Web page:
But egoless does not mean less than personal, it means more than personal. Not personal minus, but personal plus all the normal personal qualities, plus some transpersonal ones. Think of the great yogis, saints and sages from Moses to Christ to Padmasambhava. They were not feeble-mannered milquetoasts, but fierce movers and shakers from bullwhips in the Temple to subduing entire countries. They rattled the world on its own terms, not in some pie-in-the-sky piety; many of them instigated massive social revolutions that have continued for thousands of years.

And they did so not because they avoided the physical, emotional and mental dimensions of humanness and the ego that is their vehicle, but because they engaged them with a drive and intensity that shook the world to its very foundations. No doubt, they were also plugged into the soul (deeper psychic) and spirit (formless Self) the ultimate source of their power but they expressed that power, and gave it concrete results, precisely because they dramatically engaged the lower dimensions through which that power could speak in terms that could be heard by all.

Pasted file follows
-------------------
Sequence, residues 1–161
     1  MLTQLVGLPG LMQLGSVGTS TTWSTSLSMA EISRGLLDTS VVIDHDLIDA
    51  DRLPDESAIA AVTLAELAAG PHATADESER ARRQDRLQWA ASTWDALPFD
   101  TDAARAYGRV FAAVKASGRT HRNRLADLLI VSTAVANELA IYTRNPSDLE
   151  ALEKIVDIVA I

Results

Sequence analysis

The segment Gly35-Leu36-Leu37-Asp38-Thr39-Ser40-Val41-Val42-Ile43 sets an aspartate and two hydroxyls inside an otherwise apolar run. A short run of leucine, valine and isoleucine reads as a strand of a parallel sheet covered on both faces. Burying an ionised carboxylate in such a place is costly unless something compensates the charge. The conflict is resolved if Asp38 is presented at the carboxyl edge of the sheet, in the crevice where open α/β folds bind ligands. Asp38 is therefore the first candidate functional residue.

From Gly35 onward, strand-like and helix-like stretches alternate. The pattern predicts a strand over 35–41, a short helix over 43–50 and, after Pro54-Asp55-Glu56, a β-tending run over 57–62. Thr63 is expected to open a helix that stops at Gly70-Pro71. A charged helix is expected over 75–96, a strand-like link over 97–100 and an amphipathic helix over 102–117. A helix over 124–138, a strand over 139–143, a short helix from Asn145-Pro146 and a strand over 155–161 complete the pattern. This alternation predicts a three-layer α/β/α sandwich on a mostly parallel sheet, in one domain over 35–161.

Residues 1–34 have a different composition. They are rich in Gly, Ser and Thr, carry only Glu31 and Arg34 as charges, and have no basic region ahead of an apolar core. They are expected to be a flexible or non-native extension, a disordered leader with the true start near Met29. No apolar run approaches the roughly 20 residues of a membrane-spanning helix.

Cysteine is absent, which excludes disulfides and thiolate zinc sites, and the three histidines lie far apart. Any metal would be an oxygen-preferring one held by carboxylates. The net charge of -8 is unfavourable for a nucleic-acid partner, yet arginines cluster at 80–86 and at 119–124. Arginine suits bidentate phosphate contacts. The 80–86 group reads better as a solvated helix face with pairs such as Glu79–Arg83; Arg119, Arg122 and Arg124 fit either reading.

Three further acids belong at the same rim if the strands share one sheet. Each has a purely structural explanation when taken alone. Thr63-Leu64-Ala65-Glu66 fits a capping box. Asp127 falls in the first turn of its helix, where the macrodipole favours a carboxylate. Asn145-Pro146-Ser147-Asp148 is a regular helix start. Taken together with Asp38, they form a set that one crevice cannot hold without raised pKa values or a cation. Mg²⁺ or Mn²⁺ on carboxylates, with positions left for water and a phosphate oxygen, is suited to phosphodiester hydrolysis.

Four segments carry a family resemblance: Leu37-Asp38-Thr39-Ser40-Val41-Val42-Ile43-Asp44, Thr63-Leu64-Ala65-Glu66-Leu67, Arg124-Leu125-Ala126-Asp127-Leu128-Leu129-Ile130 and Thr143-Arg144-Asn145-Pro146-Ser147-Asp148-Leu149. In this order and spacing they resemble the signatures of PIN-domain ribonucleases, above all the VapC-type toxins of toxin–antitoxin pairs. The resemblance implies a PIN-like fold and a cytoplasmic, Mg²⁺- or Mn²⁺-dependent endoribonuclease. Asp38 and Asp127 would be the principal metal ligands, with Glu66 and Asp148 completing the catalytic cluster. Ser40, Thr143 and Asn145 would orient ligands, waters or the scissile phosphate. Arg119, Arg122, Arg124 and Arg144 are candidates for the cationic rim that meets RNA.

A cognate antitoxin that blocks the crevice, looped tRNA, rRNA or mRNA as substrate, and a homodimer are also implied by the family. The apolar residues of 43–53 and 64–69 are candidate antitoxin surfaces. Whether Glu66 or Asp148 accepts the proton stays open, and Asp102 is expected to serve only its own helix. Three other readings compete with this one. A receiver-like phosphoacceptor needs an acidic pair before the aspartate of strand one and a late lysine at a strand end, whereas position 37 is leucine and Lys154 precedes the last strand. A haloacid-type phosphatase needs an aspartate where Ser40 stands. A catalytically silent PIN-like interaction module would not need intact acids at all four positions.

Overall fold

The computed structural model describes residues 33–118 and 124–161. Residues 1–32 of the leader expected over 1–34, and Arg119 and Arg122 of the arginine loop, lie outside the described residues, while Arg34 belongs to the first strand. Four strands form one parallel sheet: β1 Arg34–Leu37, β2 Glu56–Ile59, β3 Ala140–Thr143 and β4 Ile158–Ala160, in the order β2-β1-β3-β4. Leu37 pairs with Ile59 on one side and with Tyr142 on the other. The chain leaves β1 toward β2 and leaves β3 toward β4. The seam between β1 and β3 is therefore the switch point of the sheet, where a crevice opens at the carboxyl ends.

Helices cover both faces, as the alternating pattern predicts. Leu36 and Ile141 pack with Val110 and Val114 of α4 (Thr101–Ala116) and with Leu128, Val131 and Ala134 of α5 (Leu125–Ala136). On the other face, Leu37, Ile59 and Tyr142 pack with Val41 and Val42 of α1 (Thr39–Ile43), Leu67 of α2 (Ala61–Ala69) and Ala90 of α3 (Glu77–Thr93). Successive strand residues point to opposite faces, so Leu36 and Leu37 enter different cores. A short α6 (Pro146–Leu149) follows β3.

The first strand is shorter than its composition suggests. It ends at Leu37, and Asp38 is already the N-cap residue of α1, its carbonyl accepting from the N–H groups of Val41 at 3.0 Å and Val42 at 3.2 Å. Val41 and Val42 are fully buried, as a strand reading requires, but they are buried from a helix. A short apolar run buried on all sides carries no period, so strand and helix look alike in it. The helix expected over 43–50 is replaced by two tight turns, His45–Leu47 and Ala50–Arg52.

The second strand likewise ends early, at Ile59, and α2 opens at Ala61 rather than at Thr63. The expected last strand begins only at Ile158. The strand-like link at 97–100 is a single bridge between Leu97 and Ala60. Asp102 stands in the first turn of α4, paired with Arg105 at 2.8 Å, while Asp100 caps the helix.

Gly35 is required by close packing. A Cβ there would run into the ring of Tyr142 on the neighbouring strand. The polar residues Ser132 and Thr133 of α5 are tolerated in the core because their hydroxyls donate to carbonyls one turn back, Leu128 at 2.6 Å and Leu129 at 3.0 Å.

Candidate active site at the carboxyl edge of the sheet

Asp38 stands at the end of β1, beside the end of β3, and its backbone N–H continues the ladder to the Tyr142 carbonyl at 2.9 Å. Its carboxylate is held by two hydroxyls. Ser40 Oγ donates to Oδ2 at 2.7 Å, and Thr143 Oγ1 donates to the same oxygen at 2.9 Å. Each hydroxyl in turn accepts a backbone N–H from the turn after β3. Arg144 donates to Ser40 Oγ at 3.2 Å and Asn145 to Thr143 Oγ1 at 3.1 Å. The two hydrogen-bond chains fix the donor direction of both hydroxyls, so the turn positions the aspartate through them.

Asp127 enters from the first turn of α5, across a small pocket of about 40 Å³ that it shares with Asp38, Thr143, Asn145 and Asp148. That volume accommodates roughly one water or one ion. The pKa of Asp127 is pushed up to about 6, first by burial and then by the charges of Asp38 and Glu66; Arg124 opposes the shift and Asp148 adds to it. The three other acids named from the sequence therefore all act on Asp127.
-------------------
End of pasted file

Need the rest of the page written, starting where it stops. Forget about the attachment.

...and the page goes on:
These great movers and shakers were not small egos; they were, in the very best sense of the term, big egos, precisely because the ego (the functional vehicle of the gross realm) can and does exist alongside the soul (the vehicle of the subtle) and the Self (vehicle of the causal). To the extent these great teachers moved the gross realm, they did so with their egos, because the ego is the functional vehicle of that realm. They were not, however, identified merely with their egos (that’s a narcissist), they simply found their egos plugged into a radiant Kosmic source. The great yogis, saints and sages accomplished so much precisely because they were not timid little toadies but great big egos, plugged into the dynamic Ground and Goal of the Kosmos itself, plugged into their own higher Self, alive to the pure atman (the pure I–I) that is one with Brahman; they opened their mouths and the world trembled, fell to its knees, and confronted its radiant God.